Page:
snow that persists on the ground year after year.

periglacial

the conditions, processes and landforms associated with cold, nonglacial environments.

periglacial phenomena

landforms and soil characteristics produced by periglacial processes.

periglacial processes

processes associated with frost action in cold, nonglacial environments.

permacrete

an artificial mixture of frozen soil materials cemented by pore ice, which forms a concrete-like construction material used in cold regions.

permafrost

layer of soil or rock, at some depth beneath the surface, in which the temperature has been continuously below 0°C for at least several years; it exists where summer heating fails to reach the base of the layer of frozen ground.

permafrost aggradation

a naturally or artificially caused increase in the thickness and/or areal extent of permafrost.

permafrost base

the lower boundary surface of permafrost, above which temperatures are perennially below 0 degrees Celsius (cryotic) and below which temperatures are perennially above 0 degrees Celsius (noncryotic).

permafrost boundary

(1) the geographical boundary between the continuous and discontinuous permafrost zones (2) the margin of a discrete body of permafrost.

permafrost degradation

a naturally or artificially caused decrease in the thickness and/or areal extent of permafrost.

permafrost extent

the total geographic area containing some amount of permafrost; typically reported in square kilometers.

permafrost limit

outermost (latitudinal) or lowest (altitudinal) limit of the occurrence of permafrost.

permafrost region

a region in which the temperature of some or all of the ground below the seasonally freezing and thawing layer remains continuously at or below 0 degrees Celsius for at least two consecutive years.

permafrost table

the upper boundary surface of permafrost.

permafrost thickness

the vertical distance between the permafrost table and the permafrost base.

permafrost zone

a major subdivision of a permafrost region.

permanent ice zone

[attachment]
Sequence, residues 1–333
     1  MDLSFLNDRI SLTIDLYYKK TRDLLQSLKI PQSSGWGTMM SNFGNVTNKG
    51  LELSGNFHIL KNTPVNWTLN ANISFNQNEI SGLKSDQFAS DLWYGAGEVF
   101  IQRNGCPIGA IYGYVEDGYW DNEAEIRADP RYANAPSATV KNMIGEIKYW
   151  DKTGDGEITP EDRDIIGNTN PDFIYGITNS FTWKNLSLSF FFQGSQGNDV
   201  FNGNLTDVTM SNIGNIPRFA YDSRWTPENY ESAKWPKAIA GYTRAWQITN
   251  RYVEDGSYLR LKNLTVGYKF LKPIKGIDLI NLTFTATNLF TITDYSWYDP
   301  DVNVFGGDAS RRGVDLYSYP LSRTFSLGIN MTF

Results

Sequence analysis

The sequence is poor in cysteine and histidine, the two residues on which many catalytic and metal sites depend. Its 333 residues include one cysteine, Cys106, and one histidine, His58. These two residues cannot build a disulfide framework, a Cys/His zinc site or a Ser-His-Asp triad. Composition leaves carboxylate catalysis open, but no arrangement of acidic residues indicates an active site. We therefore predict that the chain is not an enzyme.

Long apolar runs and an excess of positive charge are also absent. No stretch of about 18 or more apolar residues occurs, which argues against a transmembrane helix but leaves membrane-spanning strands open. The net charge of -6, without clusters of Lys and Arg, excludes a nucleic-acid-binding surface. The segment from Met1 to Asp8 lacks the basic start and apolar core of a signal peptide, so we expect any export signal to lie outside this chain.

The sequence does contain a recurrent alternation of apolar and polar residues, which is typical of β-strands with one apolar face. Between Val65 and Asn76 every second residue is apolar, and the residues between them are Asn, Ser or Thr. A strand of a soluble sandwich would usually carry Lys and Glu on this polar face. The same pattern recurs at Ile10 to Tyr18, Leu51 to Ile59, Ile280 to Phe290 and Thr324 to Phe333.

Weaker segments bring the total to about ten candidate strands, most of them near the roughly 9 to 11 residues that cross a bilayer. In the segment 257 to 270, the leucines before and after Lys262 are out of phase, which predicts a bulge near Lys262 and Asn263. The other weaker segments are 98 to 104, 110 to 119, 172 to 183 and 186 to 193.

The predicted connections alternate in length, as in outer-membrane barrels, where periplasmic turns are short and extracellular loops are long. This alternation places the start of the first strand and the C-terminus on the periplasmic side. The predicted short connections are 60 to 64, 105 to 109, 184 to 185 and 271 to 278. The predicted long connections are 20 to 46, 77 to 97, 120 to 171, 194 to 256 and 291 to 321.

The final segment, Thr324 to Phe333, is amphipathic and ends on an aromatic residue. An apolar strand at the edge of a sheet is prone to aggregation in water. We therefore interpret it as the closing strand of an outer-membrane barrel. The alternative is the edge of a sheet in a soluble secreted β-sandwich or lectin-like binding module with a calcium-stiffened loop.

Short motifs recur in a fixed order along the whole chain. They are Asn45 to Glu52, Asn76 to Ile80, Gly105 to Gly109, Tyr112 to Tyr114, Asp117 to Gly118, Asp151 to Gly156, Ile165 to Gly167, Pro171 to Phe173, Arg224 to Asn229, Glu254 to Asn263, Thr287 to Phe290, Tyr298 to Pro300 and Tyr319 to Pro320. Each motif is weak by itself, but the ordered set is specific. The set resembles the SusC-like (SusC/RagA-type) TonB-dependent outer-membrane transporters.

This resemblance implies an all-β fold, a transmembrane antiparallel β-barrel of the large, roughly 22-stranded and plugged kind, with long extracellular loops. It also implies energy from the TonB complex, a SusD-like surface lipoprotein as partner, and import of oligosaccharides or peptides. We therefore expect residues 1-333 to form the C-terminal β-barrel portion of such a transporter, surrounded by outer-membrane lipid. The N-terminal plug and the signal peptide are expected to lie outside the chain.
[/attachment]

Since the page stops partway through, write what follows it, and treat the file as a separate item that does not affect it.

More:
a region that is covered with sea ice year-round; most of the sea ice in the permanent ice zone is multiyear ice, but younger ice and open water may still be present; the permanent ice zone is what remains in summer after all melting has occurred (often called the summer minimum extent).

pH

power of hydrogen; a measure of the activity of hydrogen ions in solution, and therefore, its acidity or alkalinity.

piedmont glacier

large ice lobe spread out over surrounding terrain, associated with the terminus of a large mountain valley glacier.

The massive lobe of Malaspina Glacier in Alaska is clearly visible in this photograph taken from a Space Shuttle flight in 1989.  Agassiz Glacier is the smaller glacier to the left.  The Malaspina Glacier is one of the most famous examples of this type of glacier, and is the largest piedmont glacier in the world.  Spilling out of the Seward Ice Field (visible near the top of the photograph), it covers over 5,000 square kilometers as it spreads across the coastal plain. (Photo courtesy of SPACE.com and NASA.)
The massive lobe of Malaspina Glacier in Alaska is clearly visible in this photograph taken from a Space Shuttle flight in 1989. Agassiz Glacier is the smaller glacier to the left. The Malaspina Glacier is one of the most famous examples of this type of glacier, and is the largest piedmont glacier in the world. Spilling out of the Seward Ice Field (visible near the top of the photograph), it covers over 5,000 square kilometers as it spreads across the coastal plain. (Photo courtesy of SPACE.com and NASA.)

pingo

an eskimo term for a perennial frost mound consisting of a core of massive ice with soil and vegetation cover; the size can range from a few meters to tens of meters, in both diameter and height; can be found in continuous and discontinuous permafrost zones.

pingo ice

massive ice forming the core of a pingo.

pingo remnant

a collapsed pingo.

pingo scar

a pingo remnant in a contemporary non-permafrost environment.

planetary permafrost

permafrost occurring on other planetary bodies (planets, moons, asteroids).

plastic frozen ground